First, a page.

Stork

DE EGLESCLIFF.
DE EGLESCLIFF.
GIBSON.
GIBSON.
STOREY.
STOREY.

Stork: this bird is found in several coats of arms, as well as the heron and crane, although in the actual drawing it is difficult to distinguish them. The bird is frequently represented with the right leg raised.

Or, a stork statant–John de EGLESCLIFF, Bp. of Connor, afterwards of Llandaff, 1323-47.

Argent, on a chevron between three storks, as many swans proper–POULTERERS’ Company, [Inc. 1504].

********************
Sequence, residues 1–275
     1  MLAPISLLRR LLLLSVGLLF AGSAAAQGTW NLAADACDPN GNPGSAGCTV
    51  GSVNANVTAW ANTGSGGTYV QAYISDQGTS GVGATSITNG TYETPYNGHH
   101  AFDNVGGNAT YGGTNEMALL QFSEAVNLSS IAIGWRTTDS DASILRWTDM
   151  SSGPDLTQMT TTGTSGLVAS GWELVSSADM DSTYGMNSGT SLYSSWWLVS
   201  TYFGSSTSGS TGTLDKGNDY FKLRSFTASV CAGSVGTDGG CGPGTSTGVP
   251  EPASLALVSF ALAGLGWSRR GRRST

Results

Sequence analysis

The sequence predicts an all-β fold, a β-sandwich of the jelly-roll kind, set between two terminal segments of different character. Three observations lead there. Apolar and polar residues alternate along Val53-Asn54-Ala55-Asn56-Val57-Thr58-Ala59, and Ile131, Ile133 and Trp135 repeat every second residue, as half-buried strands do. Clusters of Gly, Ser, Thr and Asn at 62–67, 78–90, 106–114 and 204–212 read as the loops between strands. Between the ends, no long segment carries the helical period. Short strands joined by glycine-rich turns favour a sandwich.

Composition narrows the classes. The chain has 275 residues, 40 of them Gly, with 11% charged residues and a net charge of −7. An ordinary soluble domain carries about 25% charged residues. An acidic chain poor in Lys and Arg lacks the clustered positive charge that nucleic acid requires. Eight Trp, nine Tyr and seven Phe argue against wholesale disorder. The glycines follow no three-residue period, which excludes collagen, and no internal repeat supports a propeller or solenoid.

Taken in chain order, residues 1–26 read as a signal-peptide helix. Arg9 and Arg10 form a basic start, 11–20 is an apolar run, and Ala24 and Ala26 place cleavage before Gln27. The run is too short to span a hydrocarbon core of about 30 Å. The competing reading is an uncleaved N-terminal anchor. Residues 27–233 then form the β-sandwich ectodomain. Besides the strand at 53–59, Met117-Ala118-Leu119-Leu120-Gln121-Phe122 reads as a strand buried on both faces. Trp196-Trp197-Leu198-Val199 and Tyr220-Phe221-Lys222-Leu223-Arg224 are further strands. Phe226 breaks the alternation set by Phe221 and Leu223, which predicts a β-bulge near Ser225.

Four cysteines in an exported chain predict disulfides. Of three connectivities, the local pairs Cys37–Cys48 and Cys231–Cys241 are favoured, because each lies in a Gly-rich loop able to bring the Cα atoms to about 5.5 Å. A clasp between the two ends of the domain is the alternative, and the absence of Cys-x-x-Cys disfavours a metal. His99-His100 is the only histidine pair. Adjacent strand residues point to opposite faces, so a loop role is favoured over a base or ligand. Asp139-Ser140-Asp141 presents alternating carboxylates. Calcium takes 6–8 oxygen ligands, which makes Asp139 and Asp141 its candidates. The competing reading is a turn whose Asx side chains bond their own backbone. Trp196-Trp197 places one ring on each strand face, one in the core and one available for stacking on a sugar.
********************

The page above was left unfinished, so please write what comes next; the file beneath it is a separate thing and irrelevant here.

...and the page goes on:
Or, a stork proper–SERJEANTS’ INN, Chancery Lane.

Argent, a stork sable, beaked and membered gules–STARKEY, co. Derby.

Azure, three storks, wings expanded argent–GIBSON, Swindon, co. Wilts.

Azure, three storks rising argent–GIBSON, Bp. of Lincoln, 1716, and of London, 1723-48.

Party per fesse argent and sable, a pale counterchanged, three storks close of the second–Edward STOREY, Bp. of Carlisle, 1468, and of Chichester, 1478-1502.

Comment on this Entry

Before you post, please prove you are sentient.

Sable is black or white?

Subscribe to Comments (RSS)